French designer and RCA graduate Gaspard Tiné-Berès uses electrical parts from repaired electronics in his Short Circuit series, saving the still-functional objects from the fate of a landfill.

He and friend Tristan Kopp set up RE-DO Studio to focus on sustainably inclined and up-cycle friendly projects such as this.

They’ve partnered with Bright Sparks, a re-use center in north London that specializes in repairing minor appliances and home electronics.

The cork elements are crafted with a CNC-milling machine that can be operated with a workshop’s worth of training.

The first products tested were a coffee maker, toaster, and kettle, which they hope to actually begin to produce later this year.

“We aim to make participatory workshops in order to train kids and young adult about electrical knowledge and up-cycling,” he tells Co.Design of his hopes to establish an entire infrastructure around the production.

Co.Design

Kitchen Appliances Constructed From Their Landfill-Bound Bretheren

Gaspard Tiné-Berès and Tristan Kopp rescue electrical elements from mostly dead appliances and create new, fully functional kettles, toasters, and coffeemakers.

It’s a major annoyance when you flip the switch on a minor appliance and the damn thing doesn’t turn on. More often than not, the problem can be fixed relatively easily with the right know-how (which most of us lack), so sadly these "broken" objects end up as landfill fodder before their time has truly come.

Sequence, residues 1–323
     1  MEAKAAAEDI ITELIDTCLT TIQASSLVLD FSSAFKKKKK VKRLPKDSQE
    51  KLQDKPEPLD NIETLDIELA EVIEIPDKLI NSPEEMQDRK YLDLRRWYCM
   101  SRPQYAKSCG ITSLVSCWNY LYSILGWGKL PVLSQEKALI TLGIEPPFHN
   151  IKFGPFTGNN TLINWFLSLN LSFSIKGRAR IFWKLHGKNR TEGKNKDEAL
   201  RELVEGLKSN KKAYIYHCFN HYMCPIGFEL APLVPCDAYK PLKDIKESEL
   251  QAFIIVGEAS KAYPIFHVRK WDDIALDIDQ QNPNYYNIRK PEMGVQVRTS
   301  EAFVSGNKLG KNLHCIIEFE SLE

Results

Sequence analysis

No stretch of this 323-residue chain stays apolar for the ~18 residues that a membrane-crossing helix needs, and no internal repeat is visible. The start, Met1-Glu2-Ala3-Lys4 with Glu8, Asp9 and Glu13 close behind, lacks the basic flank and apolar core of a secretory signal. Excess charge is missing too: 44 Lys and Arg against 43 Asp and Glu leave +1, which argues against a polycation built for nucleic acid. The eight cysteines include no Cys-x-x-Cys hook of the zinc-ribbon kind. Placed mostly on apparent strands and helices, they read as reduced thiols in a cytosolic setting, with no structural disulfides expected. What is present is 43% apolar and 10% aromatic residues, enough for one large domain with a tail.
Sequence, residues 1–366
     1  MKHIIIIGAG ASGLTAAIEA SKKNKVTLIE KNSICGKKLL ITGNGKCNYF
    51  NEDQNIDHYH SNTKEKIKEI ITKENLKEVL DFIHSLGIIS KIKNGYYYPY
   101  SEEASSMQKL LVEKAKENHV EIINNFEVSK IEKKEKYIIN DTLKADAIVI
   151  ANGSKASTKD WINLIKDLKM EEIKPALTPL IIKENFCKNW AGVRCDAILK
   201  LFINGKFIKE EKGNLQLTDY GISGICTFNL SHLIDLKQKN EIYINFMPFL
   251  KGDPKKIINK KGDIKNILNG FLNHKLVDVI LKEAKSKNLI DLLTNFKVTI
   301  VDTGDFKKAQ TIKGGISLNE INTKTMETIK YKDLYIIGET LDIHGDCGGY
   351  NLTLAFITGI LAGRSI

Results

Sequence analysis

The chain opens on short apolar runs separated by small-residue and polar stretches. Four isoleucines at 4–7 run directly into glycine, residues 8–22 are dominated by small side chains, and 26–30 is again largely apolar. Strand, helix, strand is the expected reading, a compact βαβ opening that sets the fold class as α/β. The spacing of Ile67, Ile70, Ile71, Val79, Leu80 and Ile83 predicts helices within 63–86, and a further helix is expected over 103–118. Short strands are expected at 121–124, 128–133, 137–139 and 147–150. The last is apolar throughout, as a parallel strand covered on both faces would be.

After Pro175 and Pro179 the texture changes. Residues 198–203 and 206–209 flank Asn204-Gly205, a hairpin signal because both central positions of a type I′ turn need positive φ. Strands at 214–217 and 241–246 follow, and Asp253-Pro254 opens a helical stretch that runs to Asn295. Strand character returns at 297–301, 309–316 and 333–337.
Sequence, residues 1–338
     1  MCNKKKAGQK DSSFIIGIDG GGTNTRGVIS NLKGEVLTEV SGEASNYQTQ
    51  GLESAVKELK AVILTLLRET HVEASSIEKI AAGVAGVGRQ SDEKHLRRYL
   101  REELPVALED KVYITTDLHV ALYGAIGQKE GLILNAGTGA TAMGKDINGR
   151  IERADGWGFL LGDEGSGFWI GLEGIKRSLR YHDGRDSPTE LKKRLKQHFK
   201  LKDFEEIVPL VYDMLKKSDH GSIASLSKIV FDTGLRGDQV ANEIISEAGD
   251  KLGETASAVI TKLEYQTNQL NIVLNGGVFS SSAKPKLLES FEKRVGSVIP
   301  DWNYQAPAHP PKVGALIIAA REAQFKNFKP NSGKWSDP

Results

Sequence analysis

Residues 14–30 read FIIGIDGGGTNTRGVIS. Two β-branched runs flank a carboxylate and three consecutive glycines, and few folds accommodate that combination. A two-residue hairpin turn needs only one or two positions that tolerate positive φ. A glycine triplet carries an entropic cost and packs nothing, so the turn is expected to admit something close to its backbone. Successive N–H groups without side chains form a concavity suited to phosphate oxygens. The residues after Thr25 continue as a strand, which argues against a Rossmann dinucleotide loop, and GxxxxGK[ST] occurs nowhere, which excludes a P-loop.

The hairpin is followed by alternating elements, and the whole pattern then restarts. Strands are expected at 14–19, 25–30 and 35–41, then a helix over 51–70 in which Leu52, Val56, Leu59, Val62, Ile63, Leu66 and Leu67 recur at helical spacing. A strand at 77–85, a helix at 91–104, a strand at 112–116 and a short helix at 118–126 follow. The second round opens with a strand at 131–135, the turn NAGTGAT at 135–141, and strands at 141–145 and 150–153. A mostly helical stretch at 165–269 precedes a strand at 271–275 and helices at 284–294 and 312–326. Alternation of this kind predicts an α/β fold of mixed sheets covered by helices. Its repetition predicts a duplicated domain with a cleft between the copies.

French designer and RCA graduate Gaspard Tiné-Berès started researching Short Circuit to find different solutions for these "waste" items. After taking apart and testing tons of component parts to understand their commonalities and how best to get them functioning again, he developed a series of goods that combines repaired elements with new, CNC-milled cork accents that don’t require the skills of master craftsmen to create.

He recently established RE-DO Studio with friend Tristan Kopp to focus on projects like this—sustainably inclined and up-cycle friendly—and set up shop at Bright Sparks, a re-use center in north London that specializes in giving life back to objects presumed dead.

For Tiné-Berès, it’s more than a clever concept—it’s a viable business model. "We aim to make participatory workshops in order to train kids and young adult about electrical knowledge and up-cycling," he tells Co.Design of his hopes to establish an entire infrastructure around the production. "We believe that for a social enterprise to succeed, it needs to be profitable, which is why we would like to push the design as far as possible in order to create a high-quality commercial product." Together, the team is producing a collection and hopes to launch the kettle later this year.

(h/t It’s Nice That)

Add New Comment